Chew on This

Not getting enough sleep? It could explain your weight gain


Can you sleep your way to better health? Not exactly, but a lack of shuteye can sabotage the best weight maintenance efforts.

In fact, new research sheds light on how our body responds to too little sleep.

Data presented last month at the European Society of Endocrinology revealed that healthy, sleep-deprived adults prefer larger food portions, show more food-elated impulsivity and expend less energy. Physiological studies of sleep-deprived subjects demonstrated a decrease in the hormone that promotes fullness and an increase in hormones that promote hunger as one potential underlying cause. Another mechanism, first reported in 2013, showed increased circulation of naturally occurring endocannabinoid molecules in the sleep deprived. These molecules signal reward centers in the brain and increase the enjoyment of eating.

A 2012 study from Columbia University amazes me. Twenty-five normal weight men and women were shown pictures of nutritious and non-nutritious foods while being given a functional MRI. When they were sleep-deprived, compared with adequate sleep, they had a greater brain response to non-nutritious foods. In this same study, a person’s food records showed a larger caloric intake during sleep deprivation.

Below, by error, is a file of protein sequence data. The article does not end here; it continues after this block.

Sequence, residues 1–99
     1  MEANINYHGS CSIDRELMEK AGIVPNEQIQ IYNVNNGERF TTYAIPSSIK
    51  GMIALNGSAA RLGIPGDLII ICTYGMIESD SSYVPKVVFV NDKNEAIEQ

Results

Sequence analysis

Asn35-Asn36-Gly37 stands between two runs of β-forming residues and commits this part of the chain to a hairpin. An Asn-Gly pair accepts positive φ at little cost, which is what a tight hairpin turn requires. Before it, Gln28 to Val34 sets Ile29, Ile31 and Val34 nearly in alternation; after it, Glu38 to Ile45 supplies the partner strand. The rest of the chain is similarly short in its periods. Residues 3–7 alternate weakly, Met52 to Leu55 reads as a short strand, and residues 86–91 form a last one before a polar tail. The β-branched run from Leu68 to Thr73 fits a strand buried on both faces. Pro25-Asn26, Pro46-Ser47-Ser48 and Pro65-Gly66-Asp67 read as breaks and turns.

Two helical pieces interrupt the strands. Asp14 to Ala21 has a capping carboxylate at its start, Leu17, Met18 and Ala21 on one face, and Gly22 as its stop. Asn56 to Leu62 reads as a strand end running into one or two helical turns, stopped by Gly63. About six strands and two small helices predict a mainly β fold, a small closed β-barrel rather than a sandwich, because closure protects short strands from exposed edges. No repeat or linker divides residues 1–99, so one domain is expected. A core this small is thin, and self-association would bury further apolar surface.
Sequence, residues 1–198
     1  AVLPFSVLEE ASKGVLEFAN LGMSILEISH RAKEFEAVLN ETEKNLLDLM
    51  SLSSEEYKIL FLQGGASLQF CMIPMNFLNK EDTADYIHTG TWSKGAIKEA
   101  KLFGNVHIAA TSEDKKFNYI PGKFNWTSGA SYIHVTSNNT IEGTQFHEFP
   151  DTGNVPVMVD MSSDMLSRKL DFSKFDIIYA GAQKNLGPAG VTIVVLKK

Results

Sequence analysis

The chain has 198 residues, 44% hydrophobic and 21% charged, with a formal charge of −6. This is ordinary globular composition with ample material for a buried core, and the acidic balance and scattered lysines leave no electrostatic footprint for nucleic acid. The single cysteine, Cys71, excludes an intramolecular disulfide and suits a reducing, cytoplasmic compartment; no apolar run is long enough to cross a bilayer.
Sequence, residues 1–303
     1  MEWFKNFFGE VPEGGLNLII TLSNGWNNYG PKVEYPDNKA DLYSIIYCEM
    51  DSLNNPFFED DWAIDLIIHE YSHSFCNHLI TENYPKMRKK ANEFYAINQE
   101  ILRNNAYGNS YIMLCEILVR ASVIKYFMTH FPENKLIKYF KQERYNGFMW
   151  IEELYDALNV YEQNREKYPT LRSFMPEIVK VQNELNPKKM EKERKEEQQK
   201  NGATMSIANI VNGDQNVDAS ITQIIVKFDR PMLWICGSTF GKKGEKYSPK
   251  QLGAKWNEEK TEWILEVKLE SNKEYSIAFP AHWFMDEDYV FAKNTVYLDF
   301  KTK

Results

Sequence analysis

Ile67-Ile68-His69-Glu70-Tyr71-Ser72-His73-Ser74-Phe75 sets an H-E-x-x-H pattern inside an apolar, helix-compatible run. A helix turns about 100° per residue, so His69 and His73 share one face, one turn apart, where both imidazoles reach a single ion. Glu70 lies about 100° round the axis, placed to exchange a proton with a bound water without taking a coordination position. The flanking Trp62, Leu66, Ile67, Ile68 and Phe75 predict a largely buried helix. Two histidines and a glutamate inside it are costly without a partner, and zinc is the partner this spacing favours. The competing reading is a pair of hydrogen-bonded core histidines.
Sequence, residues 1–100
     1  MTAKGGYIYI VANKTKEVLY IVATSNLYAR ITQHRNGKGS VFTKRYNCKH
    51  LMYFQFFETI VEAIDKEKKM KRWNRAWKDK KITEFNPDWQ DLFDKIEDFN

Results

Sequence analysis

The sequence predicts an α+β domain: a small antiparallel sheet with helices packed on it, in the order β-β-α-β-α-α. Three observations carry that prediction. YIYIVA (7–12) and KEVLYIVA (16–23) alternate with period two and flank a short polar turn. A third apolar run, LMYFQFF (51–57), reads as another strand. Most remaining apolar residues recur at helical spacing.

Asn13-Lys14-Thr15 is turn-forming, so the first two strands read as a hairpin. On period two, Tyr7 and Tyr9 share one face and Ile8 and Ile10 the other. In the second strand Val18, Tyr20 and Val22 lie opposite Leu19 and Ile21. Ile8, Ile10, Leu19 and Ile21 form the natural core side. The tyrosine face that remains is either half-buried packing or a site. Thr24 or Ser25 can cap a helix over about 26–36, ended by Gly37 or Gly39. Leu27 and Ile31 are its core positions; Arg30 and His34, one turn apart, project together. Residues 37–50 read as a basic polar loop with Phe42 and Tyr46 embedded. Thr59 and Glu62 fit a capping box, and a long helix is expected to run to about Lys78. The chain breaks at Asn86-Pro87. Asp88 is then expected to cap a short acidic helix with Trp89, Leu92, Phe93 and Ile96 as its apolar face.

The big question is how much sleep is optimal. There is an individual variation but a June article in Sleep Health provides a starting point. These Canadian researchers examined sleep duration and cardiometabolic risk scores in adults. Their results provided evidence that seven hours of sleep a night is associated with optimal cardiometabolic health in adults.

Melatonin, produced by the body, synchronizes circadian rhythms and helps promote sleep. Foods that boost melatonin production are fruits like pineapple, oranges and tart cherry juice. Magnesium, with muscle-relaxing properties, is also essential for melatonin production and sleep. Magnesium-rich foods are almonds, spinach, pumpkin seeds, lentils and dark chocolate. A cup of decaffeinated tea, rich in stress-reducing theanine, is a perfect bedtime ritual. I’ve convinced myself to get more sleep, what about you?

Sheah Rarback is a registered dietitian on the faculty of the University of Miami Leonard M. Miller School of Medicine. Follow her on Twitter @sheahrarback.